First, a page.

So when I write about Rene Leno kissing me at Down the Hatch there's no saying that with the distance of nearly 35 years I haven't just made it all up.
Except that whenever I hear Spirits in the Night I feel it again. Over and over. Year after year.
If it wasn't real, I made it so.
One of my favorite sayings about life is that when we think of the "good old days" and we remember them fondly, we forget all the angst and grief. Because truly, things were as good or bad back then as they are now.
But what was good, back then, was that we were young.
Only we didn't know it.
Today I was working in the garage and my iPod randomizer queued up Spirits in the Night. As I worked I remember I hated the song. I remember I hated Springsteen and loved Emerson Lake and Palmer.
I remember pitchers of Genessee Cream Ale and Utica Club and pounding piano keys in dim bar light, surrounded by the reek of puke and sour dried beer.
I remember learning Spirits in the Night in the bar basement in Atlantic Highlands, and everyone was shocked someone from Middletown could actually not be a Springsteen fan and even worse, not know one of his more popular sing along songs - and then singing along with 20 other drunken kids, out for a night we didn't want our parents to know about.
Then my throat got tight and my eyes got blurry so I couldn't see the measurement I was making. And I had to swallow to keep from outright crying because it would be idiotic to be crying alone in my garage just because a rotten Springsteen song came on.
I tried not to, but my mind was reliving it. Waiting in line for the bumper cars. Back to Born to Run and Jungle Land. Back to shoulder length hair and ridiculous corduroy jeans. Back to warm summer nights on the beach drinking crappy beer we got from 7-eleven with fake ID.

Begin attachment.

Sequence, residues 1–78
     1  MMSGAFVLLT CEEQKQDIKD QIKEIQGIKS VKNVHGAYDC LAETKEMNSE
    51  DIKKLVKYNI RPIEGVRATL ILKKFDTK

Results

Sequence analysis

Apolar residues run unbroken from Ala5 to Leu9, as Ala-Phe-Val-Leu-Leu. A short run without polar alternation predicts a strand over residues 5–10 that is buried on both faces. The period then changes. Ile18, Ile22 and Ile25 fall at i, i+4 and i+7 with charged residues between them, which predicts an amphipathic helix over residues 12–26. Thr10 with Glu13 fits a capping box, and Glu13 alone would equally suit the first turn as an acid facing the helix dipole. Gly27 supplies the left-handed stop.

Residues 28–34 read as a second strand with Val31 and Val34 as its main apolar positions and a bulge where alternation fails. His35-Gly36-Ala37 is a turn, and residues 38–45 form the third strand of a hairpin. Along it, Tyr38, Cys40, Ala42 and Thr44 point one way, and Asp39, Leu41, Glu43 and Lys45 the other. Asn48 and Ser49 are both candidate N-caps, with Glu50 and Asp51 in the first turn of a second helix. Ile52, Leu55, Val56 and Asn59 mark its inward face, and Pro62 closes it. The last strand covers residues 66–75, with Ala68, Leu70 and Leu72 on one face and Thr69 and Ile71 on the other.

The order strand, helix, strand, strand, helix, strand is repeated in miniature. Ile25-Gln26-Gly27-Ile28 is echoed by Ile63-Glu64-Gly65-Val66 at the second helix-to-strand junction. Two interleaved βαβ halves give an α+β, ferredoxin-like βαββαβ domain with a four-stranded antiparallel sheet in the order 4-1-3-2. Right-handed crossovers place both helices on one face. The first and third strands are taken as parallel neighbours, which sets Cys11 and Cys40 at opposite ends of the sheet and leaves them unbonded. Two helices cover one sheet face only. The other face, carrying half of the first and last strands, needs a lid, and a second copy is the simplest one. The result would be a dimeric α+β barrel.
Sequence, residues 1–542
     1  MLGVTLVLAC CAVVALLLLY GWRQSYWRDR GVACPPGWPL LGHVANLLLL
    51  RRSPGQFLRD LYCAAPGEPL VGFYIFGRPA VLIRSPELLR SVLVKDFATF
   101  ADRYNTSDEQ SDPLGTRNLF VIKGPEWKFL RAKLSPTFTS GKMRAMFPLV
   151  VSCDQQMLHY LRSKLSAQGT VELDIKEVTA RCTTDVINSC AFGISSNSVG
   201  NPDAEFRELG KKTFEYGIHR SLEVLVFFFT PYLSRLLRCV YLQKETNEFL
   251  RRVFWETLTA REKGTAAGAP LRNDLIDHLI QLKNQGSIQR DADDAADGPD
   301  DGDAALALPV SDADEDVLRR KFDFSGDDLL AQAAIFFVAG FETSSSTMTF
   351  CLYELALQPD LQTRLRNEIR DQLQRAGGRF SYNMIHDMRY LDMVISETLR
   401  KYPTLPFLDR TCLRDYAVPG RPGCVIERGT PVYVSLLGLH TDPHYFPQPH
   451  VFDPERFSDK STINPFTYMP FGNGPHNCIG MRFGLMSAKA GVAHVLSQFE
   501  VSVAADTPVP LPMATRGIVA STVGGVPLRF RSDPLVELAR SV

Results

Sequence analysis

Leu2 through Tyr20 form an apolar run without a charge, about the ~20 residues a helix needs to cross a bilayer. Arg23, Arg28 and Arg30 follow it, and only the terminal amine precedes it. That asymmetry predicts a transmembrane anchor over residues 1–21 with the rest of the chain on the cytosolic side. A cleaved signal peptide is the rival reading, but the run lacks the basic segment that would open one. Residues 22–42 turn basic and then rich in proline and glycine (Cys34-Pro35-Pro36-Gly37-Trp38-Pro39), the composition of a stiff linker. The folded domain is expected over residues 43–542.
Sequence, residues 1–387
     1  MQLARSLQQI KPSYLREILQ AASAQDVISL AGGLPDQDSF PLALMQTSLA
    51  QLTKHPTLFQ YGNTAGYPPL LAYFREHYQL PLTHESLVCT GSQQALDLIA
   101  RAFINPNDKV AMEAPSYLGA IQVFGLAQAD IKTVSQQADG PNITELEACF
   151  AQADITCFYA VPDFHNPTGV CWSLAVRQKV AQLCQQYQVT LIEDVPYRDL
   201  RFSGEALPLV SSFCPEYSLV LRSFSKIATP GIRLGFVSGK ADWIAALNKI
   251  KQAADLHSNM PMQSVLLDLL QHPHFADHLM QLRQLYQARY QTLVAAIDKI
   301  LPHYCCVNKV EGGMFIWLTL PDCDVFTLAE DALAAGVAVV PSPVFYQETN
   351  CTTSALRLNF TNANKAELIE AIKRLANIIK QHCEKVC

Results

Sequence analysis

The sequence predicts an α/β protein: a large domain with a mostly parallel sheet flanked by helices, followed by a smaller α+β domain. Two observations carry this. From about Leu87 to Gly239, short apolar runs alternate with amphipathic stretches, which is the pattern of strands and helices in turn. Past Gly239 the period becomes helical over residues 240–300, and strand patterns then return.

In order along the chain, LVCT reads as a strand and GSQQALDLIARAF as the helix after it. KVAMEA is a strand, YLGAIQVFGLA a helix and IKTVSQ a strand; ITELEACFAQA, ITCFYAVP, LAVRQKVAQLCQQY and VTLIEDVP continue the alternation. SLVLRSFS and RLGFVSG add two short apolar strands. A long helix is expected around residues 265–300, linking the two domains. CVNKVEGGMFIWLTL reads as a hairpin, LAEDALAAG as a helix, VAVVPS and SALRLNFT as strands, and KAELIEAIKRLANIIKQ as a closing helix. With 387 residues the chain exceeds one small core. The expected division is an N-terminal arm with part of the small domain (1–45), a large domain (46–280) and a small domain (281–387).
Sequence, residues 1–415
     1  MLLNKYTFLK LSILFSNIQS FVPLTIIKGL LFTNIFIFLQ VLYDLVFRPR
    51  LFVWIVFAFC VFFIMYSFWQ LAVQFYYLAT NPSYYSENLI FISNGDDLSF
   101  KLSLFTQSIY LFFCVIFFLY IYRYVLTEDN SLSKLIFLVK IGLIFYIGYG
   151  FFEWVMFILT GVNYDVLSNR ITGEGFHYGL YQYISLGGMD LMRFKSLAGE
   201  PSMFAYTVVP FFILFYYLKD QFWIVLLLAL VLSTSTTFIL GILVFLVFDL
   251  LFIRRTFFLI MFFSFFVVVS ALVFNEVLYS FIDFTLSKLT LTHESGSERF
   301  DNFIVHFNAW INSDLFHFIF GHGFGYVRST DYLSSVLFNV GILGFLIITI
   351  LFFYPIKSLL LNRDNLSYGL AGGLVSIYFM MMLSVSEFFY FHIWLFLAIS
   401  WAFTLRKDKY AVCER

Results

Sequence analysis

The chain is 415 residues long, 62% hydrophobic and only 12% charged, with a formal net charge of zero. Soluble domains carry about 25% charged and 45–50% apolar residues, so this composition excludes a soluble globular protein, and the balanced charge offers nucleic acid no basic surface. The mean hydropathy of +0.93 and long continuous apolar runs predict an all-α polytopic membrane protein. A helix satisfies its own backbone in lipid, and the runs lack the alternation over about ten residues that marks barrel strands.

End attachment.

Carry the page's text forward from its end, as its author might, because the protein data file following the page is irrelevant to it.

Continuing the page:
And it seems entirely feasible that the reality I remember is all a fiction. As real as Star Warz or When Harry met Sally.
But what is true, what I know, is that it was good to be young.
My father used to tell me that when he shaved he couldn't believe there was an old guy looking back out from the mirror at him. Inside he was still himself. Still eighteen.
Now I look at the guy staring back at me from the mirror and I can tell it's that same eighteen year old who played Born to Run because it was the only way to get the band hired. He's just looking a little road weary. Lots of things have happened since they closed down the boardwalk. Lots of people have been born. Lots have died. I'm still here.
And I slide into bed at night and the blonde haired girl asks me what's up.
"I had a tremendous bout of nostalgia," I say. "I was listening to Springsteen songs and I got to thinking about when I was young back in New Jersey. You know, I couldn't stand Springsteen music back then. Now I can't listen to it without getting teary eyed."
"I get the same thing when I think of chickens."
"We had a farm when I was young. Cows, too."
"Aren't you glad you don't have to shovel chicken poop anymore?"
"Aren't you glad you don't have to figure out how to get a date for Friday night?"
And then I look at the woman next to me, and realize that all that cruising and raving I remember, well, that was good stuff but it belongs back a couple elevator floors down, and there's no reason to go back. No reason to resurrect the bad stuff that went with the good old days.
And these days, living together in our perfect Owl House, my icegirl and me, well they're pretty damned good days right now, too.